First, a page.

Hear me when I say this: You MUST start to take your training wheels off in regards to this reading thing. That means that you say out loud to yourself that it’s time for you to actually get to work improving your reading. You must go to a teacher you trust and say, “I need help with my reading… I know that now… and I’m hoping that you can help me get started.” Will that take courage? Of course. But in the end go back to what I said at the start of this chapter… NOTHING is more important than this skill set.
Think about this… if you are having a conversation with your pal and she says, “Stupidity in his school is ubiquitous!” you are not just going to sit there and nod your head. Most likely you are going to say something like, “What did you just say? I got the word stupidity… but what the heck was that other word you just used?” And your friend might say, “You know… ubiquitous… everywhere present… as in ‘all over the place’.” See, that’s what we do when we are talking with someone. If we don’t understand, we ask what she means. If we agree with something she is saying we will nod our head… you know… stuff like that.
Now we will do the same thing when we learn how to read actively. We want to see reading as participating in a conversation or a dialogue with the writer. We want to welcome the author into our room… invite him or her to take a seat on the comfy couch and we are going to chat… that’s all… just chat. But here’s the thing… during the chatting, we are going to be taking some notes, annotations we will call them, to help us remember what we just ‘talked’ about.
I know this idea might sound kind of strange to you at first, but trust me, it’s a great way to start seeing reading differently. And for many students, learning to see the whole process of academic reading as nothing more than having a good conversation is the first step towards taking that lump out of your neck. The key is to not be afraid or intimidated by the author you are reading. If he or she has done a half decent job you should be able to understand most of what he or she is saying. If you don’t get it, you are going to learn how to ask questions.
The annotation approach that I’m about to teach you has helped many of my students over the years. I hope it helps you. Like most anything… like learning to snowboard… you will probably struggle a little at first, and you may have to adapt some of what I’m showing you to fit your needs. This is no ‘set in stone’ approach. I’ll share the basics and you can try it for a while and see if it helps you to learn while you are reading. We want this approach to be easy or you won’t try it and keep using it.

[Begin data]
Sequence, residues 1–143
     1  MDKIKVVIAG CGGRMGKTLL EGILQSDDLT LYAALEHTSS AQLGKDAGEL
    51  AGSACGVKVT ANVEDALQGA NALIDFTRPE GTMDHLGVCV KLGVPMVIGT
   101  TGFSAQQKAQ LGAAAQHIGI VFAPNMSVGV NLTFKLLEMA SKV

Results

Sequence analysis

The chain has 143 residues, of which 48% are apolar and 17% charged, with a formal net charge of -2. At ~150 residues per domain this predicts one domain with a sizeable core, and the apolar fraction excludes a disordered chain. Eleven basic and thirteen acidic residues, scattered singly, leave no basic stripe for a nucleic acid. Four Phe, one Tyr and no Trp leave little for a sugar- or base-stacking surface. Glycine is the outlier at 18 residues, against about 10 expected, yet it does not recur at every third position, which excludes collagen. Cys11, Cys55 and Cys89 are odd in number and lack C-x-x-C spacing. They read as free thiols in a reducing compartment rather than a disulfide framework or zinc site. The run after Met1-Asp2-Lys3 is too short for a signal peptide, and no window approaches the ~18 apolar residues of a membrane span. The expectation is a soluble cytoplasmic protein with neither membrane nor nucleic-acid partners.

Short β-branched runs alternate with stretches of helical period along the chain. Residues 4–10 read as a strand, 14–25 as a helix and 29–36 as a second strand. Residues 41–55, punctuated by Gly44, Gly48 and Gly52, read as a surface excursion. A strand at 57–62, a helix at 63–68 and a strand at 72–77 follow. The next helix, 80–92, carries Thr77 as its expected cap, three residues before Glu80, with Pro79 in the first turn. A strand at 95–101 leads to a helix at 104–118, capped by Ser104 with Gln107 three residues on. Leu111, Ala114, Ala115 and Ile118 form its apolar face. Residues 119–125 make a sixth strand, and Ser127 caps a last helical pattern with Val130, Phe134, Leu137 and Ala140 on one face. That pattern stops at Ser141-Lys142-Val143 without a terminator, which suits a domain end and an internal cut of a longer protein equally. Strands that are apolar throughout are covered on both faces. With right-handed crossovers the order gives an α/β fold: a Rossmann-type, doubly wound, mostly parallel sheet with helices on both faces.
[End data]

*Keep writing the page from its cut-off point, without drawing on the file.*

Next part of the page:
First we will think of the annotation approach as having three simple steps. There is stuff we will do before we come to class. We will call this the Pre-class Annotations. Then there will be stuff we do during class. We will call this the In-class Annotations. Finally we will have the junk we do after class to get ready for the exam. We will call this Post-class Annotations. When we put all three parts together… we call that academic reading… or annotations for short. I have sometimes called these kind of notes “Learning Journals” simply because we want to focus our reading on learning. Make sense?
We start BEFORE class with some reading and note taking. We recognize a simple concept. If you have done some work before you come to class, you will be much better prepared for the experience of class the next day. In math then we will try to read the assignment for the following day… the night before. Instead of walking into a math class and plopping down and waiting for the instructor to ‘teach us’ math, we seek to help ourselves by looking at the material the night before. That way, when the teacher goes over the same material the following day in class we will be able to connect new information to old information much easier. Make sense?
By the way, for those of you who are asking, “Is this guy high? Why would I do all this extra work the night before?” I will tell you here in a little bit that this is the way to spend LESS time doing homework… LESS time getting ready for the exam. But we are back to the whole trust issue. You will have to trust me for a while and just listen to what I have to say and see if it makes any sense. If it does not make sense… then don’t try it.
1. Pre-class Annotations: